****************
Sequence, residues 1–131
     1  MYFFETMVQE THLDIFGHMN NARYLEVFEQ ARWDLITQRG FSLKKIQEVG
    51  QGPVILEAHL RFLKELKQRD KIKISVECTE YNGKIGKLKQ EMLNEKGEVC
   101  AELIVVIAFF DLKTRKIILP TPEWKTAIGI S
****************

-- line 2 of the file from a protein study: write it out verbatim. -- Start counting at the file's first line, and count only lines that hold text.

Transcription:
     1  MYFFETMVQE THLDIFGHMN NARYLEVFEQ ARWDLITQRG FSLKKIQEVG